Artwork for podcast GREEN Organic Garden Podcast
85: Linda Kelso | Earth Friendly L K Landscape Design | Pittsburg, PA
5th October 2015 • GREEN Organic Garden Podcast • Jackie Marie Beyer
00:00:00 01:09:10

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Linda Kelso is owner of LK Landscape Design where she helps people make their landscapes more beautiful, enjoyable, and earth friendly! Today she’s here to share with us earth friendly designs you can implement in your yard!

Tell us a little about yourself.

I’m a landscape designer, I live near Pittsburg, PA, I own my own business. This is my second year with LK Landscape Design. I specialize in using edibles as part of design and using sustainable or native plants.

Landscape design is my second career. I have a bachelors in Psychology, I spent about ten years doing administrative and office management kind of work. Originally I started into gardening as a hobby and it just evolved into this new career for me.

Tell me about your first gardening experience?

My parents always had a small garden, they would grow a few tomatoes or peppers when I was young. My first kind of moment when I connected with gardening was in the winter actually. My parents would receive seed catalogs in the mail, I loved to look at the pictures and imagine the garden I could create, and so, I remember one year I was probably 8-9 years old, and I got some of my dad’s very expensie, off limits to me, graph paper, I grabbed my crayons and colored pencils and I sat and designed my own vegetable garden. I remember doing that for a couple of years. I don’t think any of them made it into an actual garden, I don’t think my parents actually took those and made them into reality, probably because they were pretty elaborate. But that was my first connection to gardening.

What does organic gardening/earth friendly mean to you?

This definition is always evolving for me. Right now it means working with nature then fighting against it. I view nature as a system always that is always trying to maintina balance. I think if you try to work withint that system and maintain that balance you’ll end up successful. When we try to introduce outside elements

non-native insects

nature has to work hard to establishing normal again if it even can. Sometimes we use non-organic methods because they provide the short term easy solution but in a long term they actually cause more problems. So organic solves long term problems.

I have had a lot of guests talk about the health of our soil. And I just went to this conference and that was an underlying theme to protect and care for the health of our soils.

Who or what inspired you to start using organic techniques?

I think that its not just one person or event or thing, kind of been a slow progression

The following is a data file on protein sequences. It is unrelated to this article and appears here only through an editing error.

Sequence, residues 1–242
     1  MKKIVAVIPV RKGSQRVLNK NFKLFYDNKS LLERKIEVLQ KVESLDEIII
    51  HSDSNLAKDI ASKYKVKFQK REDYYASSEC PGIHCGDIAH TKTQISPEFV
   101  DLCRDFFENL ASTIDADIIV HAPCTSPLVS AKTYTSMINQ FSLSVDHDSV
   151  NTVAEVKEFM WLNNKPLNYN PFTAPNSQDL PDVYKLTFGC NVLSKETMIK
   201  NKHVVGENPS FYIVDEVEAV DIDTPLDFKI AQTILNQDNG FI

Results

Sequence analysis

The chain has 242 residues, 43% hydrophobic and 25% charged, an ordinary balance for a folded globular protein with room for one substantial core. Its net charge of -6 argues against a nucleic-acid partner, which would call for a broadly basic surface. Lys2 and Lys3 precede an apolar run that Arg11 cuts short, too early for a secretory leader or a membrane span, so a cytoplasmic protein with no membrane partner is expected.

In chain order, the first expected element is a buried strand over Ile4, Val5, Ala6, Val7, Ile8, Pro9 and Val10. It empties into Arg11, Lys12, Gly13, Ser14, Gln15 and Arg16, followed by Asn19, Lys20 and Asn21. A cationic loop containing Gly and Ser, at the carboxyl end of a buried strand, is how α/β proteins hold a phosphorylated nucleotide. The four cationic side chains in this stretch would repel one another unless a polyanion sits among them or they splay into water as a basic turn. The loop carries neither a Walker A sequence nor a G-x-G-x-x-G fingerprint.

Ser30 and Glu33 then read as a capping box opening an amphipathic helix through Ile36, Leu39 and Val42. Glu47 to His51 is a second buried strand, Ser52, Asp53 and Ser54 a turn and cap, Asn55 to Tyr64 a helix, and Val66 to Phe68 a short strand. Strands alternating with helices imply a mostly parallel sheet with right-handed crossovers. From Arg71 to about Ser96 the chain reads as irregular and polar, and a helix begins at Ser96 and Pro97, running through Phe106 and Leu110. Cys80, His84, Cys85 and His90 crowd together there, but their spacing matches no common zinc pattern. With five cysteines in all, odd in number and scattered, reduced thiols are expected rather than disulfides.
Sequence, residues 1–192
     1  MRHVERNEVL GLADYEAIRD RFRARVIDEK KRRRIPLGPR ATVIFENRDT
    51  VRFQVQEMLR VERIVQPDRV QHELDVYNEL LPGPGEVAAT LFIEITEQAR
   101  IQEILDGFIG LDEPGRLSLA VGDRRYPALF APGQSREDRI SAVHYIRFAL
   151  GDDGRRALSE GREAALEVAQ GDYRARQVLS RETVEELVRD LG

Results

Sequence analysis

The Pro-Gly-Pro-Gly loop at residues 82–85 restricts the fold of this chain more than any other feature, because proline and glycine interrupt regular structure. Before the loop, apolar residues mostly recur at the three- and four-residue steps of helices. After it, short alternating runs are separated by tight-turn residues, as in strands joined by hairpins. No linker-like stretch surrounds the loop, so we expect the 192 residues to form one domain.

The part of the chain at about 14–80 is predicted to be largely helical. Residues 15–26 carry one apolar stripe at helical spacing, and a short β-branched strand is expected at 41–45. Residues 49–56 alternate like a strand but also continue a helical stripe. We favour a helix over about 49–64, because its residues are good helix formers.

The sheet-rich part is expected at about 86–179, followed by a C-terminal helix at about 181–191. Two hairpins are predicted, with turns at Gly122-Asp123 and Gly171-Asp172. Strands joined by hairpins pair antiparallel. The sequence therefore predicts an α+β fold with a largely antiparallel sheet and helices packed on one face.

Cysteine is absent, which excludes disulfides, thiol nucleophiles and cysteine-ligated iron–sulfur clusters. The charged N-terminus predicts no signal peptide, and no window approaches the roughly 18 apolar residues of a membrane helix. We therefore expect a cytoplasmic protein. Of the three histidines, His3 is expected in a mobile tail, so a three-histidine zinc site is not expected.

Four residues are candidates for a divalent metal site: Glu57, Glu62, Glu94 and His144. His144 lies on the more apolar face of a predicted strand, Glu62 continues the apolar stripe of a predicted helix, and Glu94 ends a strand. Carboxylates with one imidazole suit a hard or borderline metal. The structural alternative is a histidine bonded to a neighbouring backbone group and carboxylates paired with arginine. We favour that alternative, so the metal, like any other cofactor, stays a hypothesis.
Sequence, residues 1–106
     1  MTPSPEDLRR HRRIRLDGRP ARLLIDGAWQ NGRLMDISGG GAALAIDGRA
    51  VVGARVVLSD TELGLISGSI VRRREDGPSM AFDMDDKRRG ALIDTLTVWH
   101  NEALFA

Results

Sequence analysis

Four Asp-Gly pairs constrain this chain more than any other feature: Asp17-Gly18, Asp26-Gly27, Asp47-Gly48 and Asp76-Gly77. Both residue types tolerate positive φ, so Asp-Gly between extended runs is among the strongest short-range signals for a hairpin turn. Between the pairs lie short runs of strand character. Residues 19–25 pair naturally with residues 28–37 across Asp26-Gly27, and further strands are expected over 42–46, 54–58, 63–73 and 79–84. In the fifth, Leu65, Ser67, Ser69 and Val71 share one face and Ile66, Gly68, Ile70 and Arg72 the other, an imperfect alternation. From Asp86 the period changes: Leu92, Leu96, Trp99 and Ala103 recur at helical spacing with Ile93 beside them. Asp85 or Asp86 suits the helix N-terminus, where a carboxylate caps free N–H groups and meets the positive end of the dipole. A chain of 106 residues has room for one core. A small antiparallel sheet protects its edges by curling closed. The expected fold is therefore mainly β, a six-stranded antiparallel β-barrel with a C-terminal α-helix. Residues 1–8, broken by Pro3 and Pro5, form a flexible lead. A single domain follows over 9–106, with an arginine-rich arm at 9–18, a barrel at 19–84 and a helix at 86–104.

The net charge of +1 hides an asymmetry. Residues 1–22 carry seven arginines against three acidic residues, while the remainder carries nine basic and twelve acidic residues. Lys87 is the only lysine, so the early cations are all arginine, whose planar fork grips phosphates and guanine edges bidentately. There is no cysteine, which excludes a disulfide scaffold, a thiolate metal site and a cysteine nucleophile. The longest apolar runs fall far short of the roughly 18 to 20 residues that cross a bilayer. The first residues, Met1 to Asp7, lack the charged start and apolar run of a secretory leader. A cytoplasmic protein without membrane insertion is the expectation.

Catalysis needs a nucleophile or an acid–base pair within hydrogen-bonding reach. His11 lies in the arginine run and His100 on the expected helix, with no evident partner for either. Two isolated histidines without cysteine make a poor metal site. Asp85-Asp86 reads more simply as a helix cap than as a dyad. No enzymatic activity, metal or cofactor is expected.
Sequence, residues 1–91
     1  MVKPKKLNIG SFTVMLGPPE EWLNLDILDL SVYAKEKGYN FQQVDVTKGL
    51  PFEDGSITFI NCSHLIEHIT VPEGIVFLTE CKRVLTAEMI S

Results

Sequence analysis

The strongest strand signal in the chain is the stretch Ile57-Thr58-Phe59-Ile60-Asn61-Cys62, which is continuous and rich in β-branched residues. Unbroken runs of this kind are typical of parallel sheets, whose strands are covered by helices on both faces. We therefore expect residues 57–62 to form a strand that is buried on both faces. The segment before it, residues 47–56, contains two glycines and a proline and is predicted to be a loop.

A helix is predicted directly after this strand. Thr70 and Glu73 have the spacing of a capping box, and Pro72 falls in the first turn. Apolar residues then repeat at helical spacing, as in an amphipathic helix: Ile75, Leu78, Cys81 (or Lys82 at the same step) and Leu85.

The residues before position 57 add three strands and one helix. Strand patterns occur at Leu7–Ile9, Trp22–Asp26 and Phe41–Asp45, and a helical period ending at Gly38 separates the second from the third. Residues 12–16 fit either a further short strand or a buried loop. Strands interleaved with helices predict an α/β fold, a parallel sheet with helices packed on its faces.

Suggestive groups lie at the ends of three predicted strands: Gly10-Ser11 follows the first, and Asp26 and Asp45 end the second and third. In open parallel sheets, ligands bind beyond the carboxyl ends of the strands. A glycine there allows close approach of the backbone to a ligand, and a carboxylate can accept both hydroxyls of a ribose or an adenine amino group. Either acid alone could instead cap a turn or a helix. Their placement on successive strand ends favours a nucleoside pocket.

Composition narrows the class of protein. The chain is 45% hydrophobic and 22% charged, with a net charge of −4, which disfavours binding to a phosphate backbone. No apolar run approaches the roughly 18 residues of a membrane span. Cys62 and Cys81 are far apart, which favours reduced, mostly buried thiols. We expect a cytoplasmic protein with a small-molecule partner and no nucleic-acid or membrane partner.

my parents always used a fairly organic approach.

they just had small gardens

they

I grew up gardening without chemical control.

the city itself really inspires me.

©Scarlett Sagraves/Sagravesphoto@gmail.com

The Phipps Conservatory in Pittsburgh has played a huge role in my new career.

Their classes and conventions focused on earth friendly or sustainable techniques. They just started a pilot chapter of the Biophilia Network. I think they are testing it out here first. The Biophilia Network is basically monthly meetings where you can listen to thought leaders and innovators in the organic sustainable movement. They’re like little Ted Talks. I really love those meeetings and attend wheneverr I can. You get to ask them questions an meet others in the

Pittsburg as a whole is there is a whole movement here for that.

Pittsburg to me, I’ve been reading about Pittsburg for like 10-20 years, they are the one of the biggest innovators in the US. They have a huge medical technology and have a huge medical center there right? and I just read something about how they are embracing the green movement. So I am not surprised they are innovators.

About 5 years ago I moved back here, and that’s when I transitioned into this new career.

TED: Technology, Entertainment and Design is what Ted stands for, if you have never listened to a TED Talk definitely check one out!

Biophilia Network

How did you learn how to garden organically?

Even though I’m a landscape designer, my whole history with gardening was with vegetable gardening. So when I went bak to school for a degree in landscape design. I really wanted to integrate some of that with what I do.

Rosalind Creasy EdibleLandscaping

I discovered Rosalind Creasy. She does edible landscape design. She uses edible plants in her landscape designs. Her book is Edible Landscaping: Now You Can Have Your Gorgeous Garden and Eat it Too!

I started down this non-tradtional when I read her book. I started to take classes at Phipps Conservatory in sustainable design. I read other books about it, I decided if I was gonna do this for a living, I wanted it to be about more then earning money, I wanted to do something good and contribute to the environment and help it.